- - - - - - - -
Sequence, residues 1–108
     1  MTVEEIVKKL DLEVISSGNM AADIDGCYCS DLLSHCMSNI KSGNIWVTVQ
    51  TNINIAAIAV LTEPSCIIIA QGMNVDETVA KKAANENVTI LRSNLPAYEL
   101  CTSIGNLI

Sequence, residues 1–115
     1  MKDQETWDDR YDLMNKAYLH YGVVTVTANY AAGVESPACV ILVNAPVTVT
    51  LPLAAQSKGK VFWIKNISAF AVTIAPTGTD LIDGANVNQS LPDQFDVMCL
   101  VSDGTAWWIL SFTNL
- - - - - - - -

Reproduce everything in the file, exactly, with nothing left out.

Sequence, residues 1–108
     1  MTVEEIVKKL DLEVISSGNM AADIDGCYCS DLLSHCMSNI KSGNIWVTVQ
    51  TNINIAAIAV LTEPSCIIIA QGMNVDETVA KKAANENVTI LRSNLPAYEL
   101  CTSIGNLI

Sequence, residues 1–115
     1  MKDQETWDDR YDLMNKAYLH YGVVTVTANY AAGVESPACV ILVNAPVTVT
    51  LPLAAQSKGK VFWIKNISAF AVTIAPTGTD LIDGANVNQS LPDQFDVMCL
   101  VSDGTAWWIL SFTNL